The neutrals will be backing Canada to pull off a second upset at the World Cup when they take on France in Napier on Sunday.
The Canucks beat a fancied Tonga side 25-20 to get their World Cup campaign off to a flying start, while the French stuttered to a 47-21 victory over Japan in their opener.
"This is the World Cup and you've got to go out there and try to win each game," Canada's Kiwi coach Kieran Crowley vowed after the Tonga win.
Fullback James Pritchard added that he and his teammates, among them only two full-time professionals and a mere handful more playing at second division level, wanted to gain some respect.
"The rest are amateurs," he said.
"So all we want is some respect because although these guys might not be full-time professionals, they can play some rugby.
"We really have to do it on Sunday for people to take us seriously.
"And what better way to do that than against the French.
"They are world-beaters on their day, but they also have bad days like in the Six Nations when they were rolled by Italy."
He added: "This is big, we've drawn a line in the sand (against Tonga) and we can't go back from that performance."
France coach Marc Lievremont wielded the axe after the Japan game, with only four players retained.
Veteran Aurelien Rougerie moves from centre to the wing and is named as captain in place of Thierry Dusautoir - who does not make the bench - while the only other survivors from the starting XV are hooker William Servat, flyhalf Francois Trinh-Duc and wing Vincent Clerc.
Imanol Harinordoquy, subject to an angry tirade from Lievremont that he had not taken the Japan game seriously enough, is dropped to the bench with Louis Picamoles replacing Raphael Lakafia at No 8, and flankers Fulgence Ouedraogo and Julien Bonnaire stepping in for Dusautoir and Harinordoquy.
"Everyone is in the same boat, we have got to do better, to fully apply ourselves," said centre Maxime Mermoz.
Recalled fullback Damien Traille stressed that the priority on Sunday would be to concentrate on getting all five points available against the Canadians.
"We know what is coming up, but we don't have the time to start thinking about the All Blacks," he said of their pool game against hosts New Zealand on September 24, with their group phase completed on October 1 against Tonga.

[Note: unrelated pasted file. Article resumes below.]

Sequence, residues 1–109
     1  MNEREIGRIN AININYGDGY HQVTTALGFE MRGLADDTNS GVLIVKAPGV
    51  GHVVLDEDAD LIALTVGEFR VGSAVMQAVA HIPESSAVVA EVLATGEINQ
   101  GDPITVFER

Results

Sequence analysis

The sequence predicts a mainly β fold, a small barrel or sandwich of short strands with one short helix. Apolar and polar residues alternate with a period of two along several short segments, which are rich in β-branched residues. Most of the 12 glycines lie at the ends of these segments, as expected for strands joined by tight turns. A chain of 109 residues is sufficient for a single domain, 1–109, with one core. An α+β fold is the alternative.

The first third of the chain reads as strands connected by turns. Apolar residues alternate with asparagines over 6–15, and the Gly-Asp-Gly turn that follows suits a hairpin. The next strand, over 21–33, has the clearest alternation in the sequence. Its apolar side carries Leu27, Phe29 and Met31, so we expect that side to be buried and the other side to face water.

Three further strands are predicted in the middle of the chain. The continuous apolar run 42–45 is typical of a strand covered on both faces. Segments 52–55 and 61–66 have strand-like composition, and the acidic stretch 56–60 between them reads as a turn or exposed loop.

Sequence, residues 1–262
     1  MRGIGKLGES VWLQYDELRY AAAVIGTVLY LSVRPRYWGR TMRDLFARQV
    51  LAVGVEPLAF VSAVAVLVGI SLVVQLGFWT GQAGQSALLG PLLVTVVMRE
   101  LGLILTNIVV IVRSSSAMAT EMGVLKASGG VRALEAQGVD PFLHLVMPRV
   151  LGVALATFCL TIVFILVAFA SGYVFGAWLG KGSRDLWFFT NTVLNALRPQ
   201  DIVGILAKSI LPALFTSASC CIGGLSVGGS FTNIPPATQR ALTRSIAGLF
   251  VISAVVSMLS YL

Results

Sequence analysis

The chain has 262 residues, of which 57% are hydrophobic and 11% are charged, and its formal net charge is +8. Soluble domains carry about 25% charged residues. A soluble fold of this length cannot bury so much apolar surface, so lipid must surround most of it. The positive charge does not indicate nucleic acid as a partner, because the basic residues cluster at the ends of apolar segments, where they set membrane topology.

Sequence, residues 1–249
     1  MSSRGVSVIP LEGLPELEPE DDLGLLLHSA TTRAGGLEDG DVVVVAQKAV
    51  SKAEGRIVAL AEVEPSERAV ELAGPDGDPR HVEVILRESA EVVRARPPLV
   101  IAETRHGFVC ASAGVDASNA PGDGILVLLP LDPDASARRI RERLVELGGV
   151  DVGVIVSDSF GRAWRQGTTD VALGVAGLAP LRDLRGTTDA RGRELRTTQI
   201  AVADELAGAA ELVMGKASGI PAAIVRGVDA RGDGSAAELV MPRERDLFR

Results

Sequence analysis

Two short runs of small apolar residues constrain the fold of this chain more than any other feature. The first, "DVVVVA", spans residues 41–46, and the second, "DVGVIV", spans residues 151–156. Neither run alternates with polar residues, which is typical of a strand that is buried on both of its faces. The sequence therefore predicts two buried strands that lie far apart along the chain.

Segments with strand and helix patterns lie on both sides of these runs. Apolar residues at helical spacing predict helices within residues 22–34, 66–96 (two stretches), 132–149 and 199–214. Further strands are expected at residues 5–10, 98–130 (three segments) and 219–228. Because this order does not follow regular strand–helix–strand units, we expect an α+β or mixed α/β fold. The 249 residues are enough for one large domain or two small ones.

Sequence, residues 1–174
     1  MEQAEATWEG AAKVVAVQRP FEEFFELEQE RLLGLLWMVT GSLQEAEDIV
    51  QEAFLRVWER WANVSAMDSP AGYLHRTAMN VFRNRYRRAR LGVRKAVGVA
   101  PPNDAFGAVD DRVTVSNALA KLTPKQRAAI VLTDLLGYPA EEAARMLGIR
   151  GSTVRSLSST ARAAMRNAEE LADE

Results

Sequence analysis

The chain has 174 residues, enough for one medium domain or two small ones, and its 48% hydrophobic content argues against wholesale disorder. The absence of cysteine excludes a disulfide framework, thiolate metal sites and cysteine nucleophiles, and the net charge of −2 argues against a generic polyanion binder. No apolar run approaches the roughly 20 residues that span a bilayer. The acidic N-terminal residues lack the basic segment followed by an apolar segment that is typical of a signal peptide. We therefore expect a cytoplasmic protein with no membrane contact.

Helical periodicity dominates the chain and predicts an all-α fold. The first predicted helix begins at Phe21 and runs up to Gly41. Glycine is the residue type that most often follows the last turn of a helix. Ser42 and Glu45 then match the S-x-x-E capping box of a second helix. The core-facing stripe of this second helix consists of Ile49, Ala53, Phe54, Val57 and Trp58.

"We saw last weekend that there are no longer any minnow teams in this competition."
Canada coach Crowley, however, has had to nurse his team through a turnaround of just four days, something the former New Zealand selector and All Black fullback said made him "laugh".
"The tier two nations only have four days' turnaround and tier one has seven or eight days. It is what it is. We knew that this is what it would be like when the draw came out," he said.
Players to watch:
For France: Firstly, you want to see in what frame of mind the entire French team turns up. If they are switched on, it could be a long day at the office for Canada. A backline with Damien Traille, Vincent Clerc, David Marty, Maxime Mermoz, and Aurelien Rougerie could be awesome to watch. But the front row of Luc Ducalcon, William Servat and Jean-Baptiste Poux could be more than just a handful for the Canadians in the set pieces.
For Canada: The Canucks' bearded wonder, flank Adam Kleeberger, has already set his stall out as one of the stars of the World Cup and there is no better team to confirm your status against than the French. You will also cast more than just a cursory glance at Canada's South African-born midfielder DTH van der Merwe, another of the stars from their opening win.
Head to head: One of the most interesting battles will be in midfield, where the established French duo of David Marty and Maxime Mermoz will face off against Canadians DTH van der Merwe and Ryan Smith. The set pieces will also be key - the line-outs, where Romain Millo-Chluski and Pascal Pape (France) are up against Jamie Cudmore and Jebb Sinclair (Canada), while in the scrums it will be Luc Ducalcon, William Servat and Jean-Baptiste Poux (France) against Jason Marshall, Pat Riordan and Hubert Buydens (Canada).
2005: France won 50-6, Nantes
2004: France won 47-13, Toronto
2002: France won 35-3, Paris
1999: France won 33-20, Beziers (World Cup pool match)
1994: France won 28-9, Besancon
1994: Canada won 18-16, Nepean
1991: France won 19-13, Agen (World Cup pool match)
Prediction: The romantics would love for a Canadian upset, but the realists will know that anything less than a 20-point loss would be a good result for the Canucks. France to win easily, by 25 points or more.
France: 15 Damien Traille, 14 Vincent Clerc, 13 David Marty, 12 Maxime Mermoz, 11 Aurelien Rougerie (captain), 10 Francois Trinh-Duc, 9 Morgan Parra, 8 Louis Picamoles, 7 Julien Bonnaire, 6 Fulgence Ouedraogo, 5 Romain Millo-Chluski, 4 Pascal Pape, 3 Luc Ducalcon, 2 William Servat, 1 Jean-Baptiste Poux.
Replacements: 16 Guilhem Guirado, 17 Fabien Barcella, 18 Julien Pierre, 19 Imanol Harinordoquy, 20 Dimitri Yachvili, 21 Fabrice Estebanez, 22 Maxime Medard.
Canada: 15 James Pritchard, 14 Ciaran Hearn, 13 DTH van der Merwe, 12 Ryan Smith, 11 Phil Mackenzie, 10 Ander Monro, 9 Ed Fairhurst, 8 Aaron Carpenter, 7 Chauncey O'Toole, 6 Adam Kleeberger, 5 Jamie Cudmore, 4 Jebb Sinclair, 3 Jason Marshall, 2 Pat Riordan (captain), 1 Hubert Buydens.
Replacements: 16 Ryan Hamilton, 17 Scott Franklin, 18 Tyler Hotson, 19 Nanyak Dala, 20 Sean White, 21 Nathan Hirayama, 22 Conor Trainor.
Date: Sunday, September 18
Venue: McLean Park, Napier
Kick-off: 20.30 (08.30 GMT)
Expected weather: Showers expected with a high of 15°C and a low of 6°C
Referee: Craig Joubert (South Africa)
Assistant referees: Bryce Lawrence (New Zealand), Vinny Munro (New Zealand)
TMO: Matt Goddard (Australia)
AFP & rugby365.com
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